Taiwan's Bilingual Education Goal Faces Delays Due To Teacher Shortages

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Taiwan’s ambitious goal of becoming bilingual in English and Mandarin Chinese by 2030 will have to "slow down," according to the new Minister of Education, Cheng Ying-yao. Cheng, who assumed office in April, acknowledged difficulties in recruiting qualified teachers and university faculty members as key obstacles.

Cheng, previously the president of Taiwan's National Sun Yat-sen University, was appointed following the January general election in which William Lai of the Democratic Progressive Party (DPP) was elected president. Lai, who took office on May 20, had supported the bilingual policy initiated by former President Tsai Ing-wen in 2018.

In a June 1 interview with the Liberty Times, Cheng emphasized that while the bilingual policy remains essential for future generations, its implementation would require more time. "The bilingual policy cannot be achieved in a short time,” Cheng stated. “It may take 20 or 30 years; but if it is not implemented now, it will still take 20 or 30 years when it starts later, so it is beneficial to start now.”

The policy’s delay is a setback for Lai, who championed a 10-year plan for English education as the mayor of Tainan and advanced English-language teaching at Sun Yat-sen University. 

In 2021, several universities received government funding to increase English-taught programs, aiming for half of all undergraduate courses, 70% of master's programs, and nearly all doctoral programs to be taught in English. The next phase, set for 2025-30, requires funding approval from Taiwan’s Legislative Yuan.

The DPP lost its majority in the Legislative Yuan in January, complicating budget approvals for the bilingual policy. “[The] DPP government getting fewer seats in the Legislative Yuan may lead to more difficulties in securing the budget,” explained Yi-Hsuan Irene Huang, a doctoral researcher at Bristol University.

Criticism of the policy has come not only from opposition parties like the Kuomintang, which favors closer ties to mainland China and a focus on Mandarin, and the Taiwan People’s Party (TPP), but also from broader society. The TPP has criticized the bilingual policy for inadequate planning and claimed it exacerbates urban-rural disparities.

Implementation challenges are evident, with bilingual programs present in 68% of Taipei’s schools but significantly lower in other major cities and rural areas. Groups like the Taiwan Languages and Literacy Society advocate for more support for local and indigenous languages, calling for an “English-friendly multilingual policy.”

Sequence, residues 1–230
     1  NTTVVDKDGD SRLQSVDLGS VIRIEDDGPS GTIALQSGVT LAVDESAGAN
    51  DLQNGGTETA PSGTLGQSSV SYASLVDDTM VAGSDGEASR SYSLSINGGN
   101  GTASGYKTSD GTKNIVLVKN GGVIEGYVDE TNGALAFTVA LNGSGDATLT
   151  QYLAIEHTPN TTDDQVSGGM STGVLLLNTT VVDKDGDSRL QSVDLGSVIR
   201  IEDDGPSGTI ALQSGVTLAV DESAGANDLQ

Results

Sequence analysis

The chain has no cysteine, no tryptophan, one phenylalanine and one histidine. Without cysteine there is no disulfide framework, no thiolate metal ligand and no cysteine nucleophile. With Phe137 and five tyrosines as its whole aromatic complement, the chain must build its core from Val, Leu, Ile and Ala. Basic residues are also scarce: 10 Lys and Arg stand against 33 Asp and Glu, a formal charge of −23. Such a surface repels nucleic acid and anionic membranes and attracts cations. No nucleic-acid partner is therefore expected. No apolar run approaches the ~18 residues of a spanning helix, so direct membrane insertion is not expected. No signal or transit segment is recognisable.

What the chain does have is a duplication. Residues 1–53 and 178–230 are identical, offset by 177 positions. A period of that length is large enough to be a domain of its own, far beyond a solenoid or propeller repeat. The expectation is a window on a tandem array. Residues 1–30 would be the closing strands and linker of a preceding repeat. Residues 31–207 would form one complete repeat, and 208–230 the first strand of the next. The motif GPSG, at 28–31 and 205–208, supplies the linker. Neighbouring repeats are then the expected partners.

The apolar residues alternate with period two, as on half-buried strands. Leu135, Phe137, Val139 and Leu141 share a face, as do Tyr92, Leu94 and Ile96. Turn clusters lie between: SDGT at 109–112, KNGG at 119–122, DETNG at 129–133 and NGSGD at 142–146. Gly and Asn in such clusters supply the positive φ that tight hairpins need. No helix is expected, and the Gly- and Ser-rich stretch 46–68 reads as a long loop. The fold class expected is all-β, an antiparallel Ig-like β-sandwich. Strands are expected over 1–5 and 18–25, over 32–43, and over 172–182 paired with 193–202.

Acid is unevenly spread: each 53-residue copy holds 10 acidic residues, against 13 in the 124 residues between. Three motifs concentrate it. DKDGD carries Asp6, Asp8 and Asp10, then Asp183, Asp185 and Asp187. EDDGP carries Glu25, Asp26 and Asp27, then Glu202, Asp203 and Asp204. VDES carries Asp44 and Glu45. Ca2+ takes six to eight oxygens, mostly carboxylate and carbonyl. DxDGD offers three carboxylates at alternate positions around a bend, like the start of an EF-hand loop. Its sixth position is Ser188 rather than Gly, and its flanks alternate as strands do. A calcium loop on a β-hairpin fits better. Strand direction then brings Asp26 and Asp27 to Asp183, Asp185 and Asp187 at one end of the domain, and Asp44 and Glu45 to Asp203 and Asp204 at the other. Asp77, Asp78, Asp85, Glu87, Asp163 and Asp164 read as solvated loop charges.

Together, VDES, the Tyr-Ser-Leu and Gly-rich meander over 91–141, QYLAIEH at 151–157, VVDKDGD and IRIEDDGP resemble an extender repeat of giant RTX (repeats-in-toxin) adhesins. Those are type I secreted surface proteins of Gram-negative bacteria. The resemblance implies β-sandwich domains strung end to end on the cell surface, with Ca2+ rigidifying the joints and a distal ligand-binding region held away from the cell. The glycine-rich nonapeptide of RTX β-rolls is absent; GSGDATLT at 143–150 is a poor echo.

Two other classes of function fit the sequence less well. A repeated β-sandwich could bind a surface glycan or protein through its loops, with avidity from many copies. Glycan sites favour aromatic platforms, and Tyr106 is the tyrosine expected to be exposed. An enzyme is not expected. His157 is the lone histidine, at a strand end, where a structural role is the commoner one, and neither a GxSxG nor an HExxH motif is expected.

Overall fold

Educators have reported "chaos" due to a lack of language teaching proficiency, emphasizing the need for quality education over rapid implementation. The “108 Curriculum Observation Report” by EdYouth, a student group, described the bilingual policy as “excellent” but noted that disadvantaged students were not adequately supported.

Minister Cheng acknowledged the need for supporting economically and culturally disadvantaged families. He suggested leveraging universities' social responsibility programs to provide resources and talent to rural schools.

Huang highlighted practical issues in universities selected for the bilingual policy, noting slower teaching paces and content coverage in English-medium instruction (EMI) courses. Faculty questioned the policy’s purpose, debating whether it was to enhance local students' English proficiency or attract international students. They pointed out that many students stay in Taiwan post-graduation, where professional exams are conducted in Chinese.

Some universities employed project-based assistant professors for EMI, potentially reducing tenured faculty's motivation to teach in English despite government incentives. 

Despite the slowdown, Cheng emphasized that the bilingual policy would continue. He pointed to Taiwan’s global industries and the necessity for international professional talent, noting that English proficiency aids in recruiting foreign students amid demographic decline and supports Taiwan’s export-driven economy.

Huang believes the slowdown will not significantly impact universities currently implementing the policy with government resources. Top-ranked universities with international faculty can continue English teaching with fewer resources, and international student recruitment, particularly from Southeast or South Asia, is expected to remain stable.

However, efforts to attract students from English-speaking countries may be affected. “If they want to explore markets like the US or other English-speaking countries, then maybe it will have some impact,” Huang noted.